The Buzz

Missouri lawmaker claims he got into fistfight with fellow lawmaker

Rep. Michael Butler, left, and Rep. Courtney Curtis
Rep. Michael Butler, left, and Rep. Courtney Curtis KansasCity

A St. Louis lawmaker alleges he was involved in a fistfight with a fellow Democrat last week outside of a bar just down the street from the Missouri Capitol.

And while the Missouri House debated ethics reform legislation aimed at cleaning up the Capitol’s public image, the alleged fight and resulting restraining order caused House officials to move one of the lawmaker’s seat in the chamber.

Rep. Courtney Curtis says he and Rep. Michael Butler, both St. Louis Democrats, got into a scuffle following a Missouri AFL-CIO fund-raising reception at Bones Restaurant and Lounge.

Curtis was the only Democrat last year to vote with Republicans in a failed attempted to make Missouri a right-to-work state. He says Butler took a swing at him in an alley as he was leaving the event. Butler has declined to comment on the situation.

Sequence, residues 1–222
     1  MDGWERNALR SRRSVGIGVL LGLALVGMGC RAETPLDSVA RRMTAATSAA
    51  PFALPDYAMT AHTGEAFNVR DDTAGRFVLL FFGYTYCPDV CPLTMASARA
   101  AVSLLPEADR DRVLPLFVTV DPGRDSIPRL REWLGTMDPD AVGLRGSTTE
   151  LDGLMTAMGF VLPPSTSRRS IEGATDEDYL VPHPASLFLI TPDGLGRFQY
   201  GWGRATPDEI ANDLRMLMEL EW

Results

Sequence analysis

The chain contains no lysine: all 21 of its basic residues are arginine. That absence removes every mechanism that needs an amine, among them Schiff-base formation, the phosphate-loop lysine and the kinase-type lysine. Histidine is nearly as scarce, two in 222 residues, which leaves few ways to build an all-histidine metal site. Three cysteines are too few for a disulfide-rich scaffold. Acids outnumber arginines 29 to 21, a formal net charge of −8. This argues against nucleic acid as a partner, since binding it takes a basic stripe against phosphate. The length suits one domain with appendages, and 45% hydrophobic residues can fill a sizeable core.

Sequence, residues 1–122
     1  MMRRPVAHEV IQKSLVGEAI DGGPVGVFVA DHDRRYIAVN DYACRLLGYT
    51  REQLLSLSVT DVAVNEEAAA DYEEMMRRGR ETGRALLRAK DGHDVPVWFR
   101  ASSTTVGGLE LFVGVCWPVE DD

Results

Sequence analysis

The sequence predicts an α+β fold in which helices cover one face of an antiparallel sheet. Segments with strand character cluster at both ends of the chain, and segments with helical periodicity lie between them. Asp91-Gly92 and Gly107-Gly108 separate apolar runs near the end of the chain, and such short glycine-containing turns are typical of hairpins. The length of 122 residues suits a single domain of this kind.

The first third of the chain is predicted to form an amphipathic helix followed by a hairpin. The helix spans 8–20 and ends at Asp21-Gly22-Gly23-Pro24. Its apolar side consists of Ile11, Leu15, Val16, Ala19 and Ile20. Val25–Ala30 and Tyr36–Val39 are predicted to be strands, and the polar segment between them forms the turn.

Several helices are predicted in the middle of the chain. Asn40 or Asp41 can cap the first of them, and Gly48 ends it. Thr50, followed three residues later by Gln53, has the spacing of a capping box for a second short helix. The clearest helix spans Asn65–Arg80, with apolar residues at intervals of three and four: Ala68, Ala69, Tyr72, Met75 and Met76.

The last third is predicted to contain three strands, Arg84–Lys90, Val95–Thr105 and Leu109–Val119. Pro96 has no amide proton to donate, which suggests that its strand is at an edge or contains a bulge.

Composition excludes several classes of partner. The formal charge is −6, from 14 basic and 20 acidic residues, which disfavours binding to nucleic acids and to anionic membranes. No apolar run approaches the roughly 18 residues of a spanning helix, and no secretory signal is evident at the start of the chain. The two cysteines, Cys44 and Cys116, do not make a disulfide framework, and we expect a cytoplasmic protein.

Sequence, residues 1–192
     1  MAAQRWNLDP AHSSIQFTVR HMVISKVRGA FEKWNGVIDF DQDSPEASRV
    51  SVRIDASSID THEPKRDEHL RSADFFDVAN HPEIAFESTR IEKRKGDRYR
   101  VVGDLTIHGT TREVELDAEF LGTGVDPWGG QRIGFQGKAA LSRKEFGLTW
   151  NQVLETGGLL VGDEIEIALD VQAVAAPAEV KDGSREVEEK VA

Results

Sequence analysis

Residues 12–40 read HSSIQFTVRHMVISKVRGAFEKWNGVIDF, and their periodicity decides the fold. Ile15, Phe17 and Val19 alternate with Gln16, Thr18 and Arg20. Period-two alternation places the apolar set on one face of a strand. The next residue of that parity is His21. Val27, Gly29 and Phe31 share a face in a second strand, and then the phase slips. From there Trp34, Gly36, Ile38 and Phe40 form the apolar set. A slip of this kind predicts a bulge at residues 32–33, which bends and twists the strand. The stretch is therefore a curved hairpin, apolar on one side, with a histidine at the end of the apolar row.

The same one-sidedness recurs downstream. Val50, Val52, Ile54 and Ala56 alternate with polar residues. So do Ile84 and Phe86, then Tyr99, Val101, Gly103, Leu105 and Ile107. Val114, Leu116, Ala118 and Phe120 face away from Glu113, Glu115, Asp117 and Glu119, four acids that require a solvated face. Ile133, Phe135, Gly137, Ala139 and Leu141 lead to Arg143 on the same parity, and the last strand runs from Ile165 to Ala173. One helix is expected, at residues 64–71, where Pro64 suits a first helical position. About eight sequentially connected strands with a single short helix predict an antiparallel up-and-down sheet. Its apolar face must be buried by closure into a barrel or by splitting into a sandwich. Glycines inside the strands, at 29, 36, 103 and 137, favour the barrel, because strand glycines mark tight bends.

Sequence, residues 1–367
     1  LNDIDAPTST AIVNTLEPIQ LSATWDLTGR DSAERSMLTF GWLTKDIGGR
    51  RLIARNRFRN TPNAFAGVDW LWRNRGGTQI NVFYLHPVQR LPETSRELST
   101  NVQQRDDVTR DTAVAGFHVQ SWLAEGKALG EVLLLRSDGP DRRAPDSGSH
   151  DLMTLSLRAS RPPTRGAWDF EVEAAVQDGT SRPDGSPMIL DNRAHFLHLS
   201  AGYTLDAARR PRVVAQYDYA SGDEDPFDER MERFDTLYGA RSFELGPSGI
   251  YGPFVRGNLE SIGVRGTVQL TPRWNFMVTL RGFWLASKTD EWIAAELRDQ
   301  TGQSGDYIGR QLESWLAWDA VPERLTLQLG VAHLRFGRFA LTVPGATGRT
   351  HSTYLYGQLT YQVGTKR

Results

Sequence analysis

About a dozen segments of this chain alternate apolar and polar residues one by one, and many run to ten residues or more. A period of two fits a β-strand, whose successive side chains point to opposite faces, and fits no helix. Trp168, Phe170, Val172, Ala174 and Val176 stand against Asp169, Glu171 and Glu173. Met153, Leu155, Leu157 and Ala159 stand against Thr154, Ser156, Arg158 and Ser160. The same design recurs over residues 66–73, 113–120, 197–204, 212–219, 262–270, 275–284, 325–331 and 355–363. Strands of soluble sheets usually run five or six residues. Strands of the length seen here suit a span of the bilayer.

In the days that followed, Curtis filed a police report and a complaint with the House Ethics Committee. He’s also been granted a temporary restraining order against Butler.

“I am incredibly disappointed in the actions that transpired in the last week,” Curtis said in a statement released Tuesday.

The two lawmakers were roommates during the 2015 session and sat near each other in the House.

In response to the restraining order, the House moved Butler from his previous seat to one in the back of the chamber to separate him from Curtis.

“We made a good faith effort to acknowledge the court’s order while also protecting the constitutional right of each House member,” said Adam Crumbliss, Chief Clerk of the Missouri House.

House Minority Leader Jake Hummel, a St. Louis Democrat, said their House parking spots were found to be far enough apart, and the pair don’t serve on any legislative committees together.

The only possible issue would be when the House Democratic Caucus meets, but Hummel said that will be worked out when needed.

The allegations come less than a month into a legislative session where lawmakers had vowed to repair the public’s tarnished perception of the Capitol following a year of scandal.

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